As most of the gas lines connect to valves on the back of the gas stove, laying the stove on its back can damage these valves during transit.
If they get damaged, you are looking at an expensive repair or part-replacement job. Or worse still, the unit could become completely useless, and you will have to buy a new one.
Another potential risk is unseen damage. A valve might be slightly misshapen and the seal compromised, or a pipe may be cracked or compressed. In such cases, hooking the stove up to the gas line and using it could become very dangerous. You may be at risk of gas leaks, fires, and explosions!
Avoid Laying It on Its Front
Similar to laying a gas stove on its back, laying it on its front is extremely problematic.
First of all, the front of a gas stove is not a flat surface, so even if you use cargo straps to attempt to lock the gas stove in place in your vehicle, the appliance can still rock and shift since it is not on a flat plane.
This movement can cause damage to both the appliance and the vehicle you are transporting it in.
Furthermore, putting all the weight of the gas stove onto the front can also severely damage the oven door or operating panel.
How to Prepare Your Gas Stove for Transport
First and foremost, you must disconnect your gas stove safely from its current location. The video below shows you how to safely disconnect your gas stove.
As stated in the video, it is super important that you turn off the gas in your house before doing any disassembling. Failure to do this can result in gas leaks or fires.
Once this is done, you still can’t just pop the gas stove on the back of a trailer, and off you go!
The oven racks, burner rings, and stove grids are all loose parts and should be removed and carefully wrapped for transport. Some gas stoves also have detachable knobs.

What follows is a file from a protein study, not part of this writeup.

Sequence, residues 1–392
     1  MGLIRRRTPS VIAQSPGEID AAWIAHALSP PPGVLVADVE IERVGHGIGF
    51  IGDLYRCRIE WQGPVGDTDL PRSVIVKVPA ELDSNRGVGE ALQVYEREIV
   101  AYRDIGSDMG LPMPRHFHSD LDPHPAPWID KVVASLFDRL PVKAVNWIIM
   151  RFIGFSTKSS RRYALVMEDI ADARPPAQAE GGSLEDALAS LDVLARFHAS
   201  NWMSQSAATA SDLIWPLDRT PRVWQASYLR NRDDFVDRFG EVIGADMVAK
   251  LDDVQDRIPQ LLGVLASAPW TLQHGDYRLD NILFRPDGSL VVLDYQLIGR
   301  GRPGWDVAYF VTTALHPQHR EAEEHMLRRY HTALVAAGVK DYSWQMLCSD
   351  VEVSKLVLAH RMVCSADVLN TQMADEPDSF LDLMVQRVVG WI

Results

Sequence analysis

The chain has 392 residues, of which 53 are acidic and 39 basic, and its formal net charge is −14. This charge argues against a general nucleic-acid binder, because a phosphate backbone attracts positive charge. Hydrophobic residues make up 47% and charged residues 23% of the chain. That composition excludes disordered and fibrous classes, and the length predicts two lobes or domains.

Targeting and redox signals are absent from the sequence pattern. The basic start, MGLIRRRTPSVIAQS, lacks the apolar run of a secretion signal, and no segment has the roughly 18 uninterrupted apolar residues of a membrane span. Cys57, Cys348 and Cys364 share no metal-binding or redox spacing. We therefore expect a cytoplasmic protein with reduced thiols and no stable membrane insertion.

There are 3 main reasons for removing these parts first:
- They can get damaged.
- They can cause damage.
- They can get lost.
Tip: clean these pieces thoroughly before packing them up. They probably don’t get a deep clean all that often. So, while they are all off/out of the stove, give them a clean and start with a sparkling gas stove in your new home.
As I mentioned previously, you should also secure the oven door before transport.
One final recommendation I have for preparing your gas stove for transport would be to secure the pipes to the oven itself, preventing them from getting squashed during the trip.
Safely Transport Your Gas Stove
Use a dolly and one or two friends to move the gas stove from your home to the vehicle and into the vehicle itself. Gas stoves can be very heavy, and if you try to do it alone, you increase the chance of it falling and getting damaged. You also increase the chance of injuring yourself!
- Manufactured in USA; Harper exclusive I-Beam Glass Filled Nylon Plastic Frame is 30% lighter than steel and designed for maximum strength
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Lay the stove on its side on a blanket or towel laid over the flattest surface available to you in your chosen moving vehicle. Secure the appliance in place using cargo straps (amazon link).
But it’s not just the gas stove that needs to be secured. Whatever else is in the vehicle with your stove needs to be secured so that it does not slide into the stove, causing damage.
You should carefully inspect the valves, etc., when you arrive at your destination, even if you did not transport the gas stove on its back. It is always worth being doubly sure everything is in working order for an appliance like a gas stove.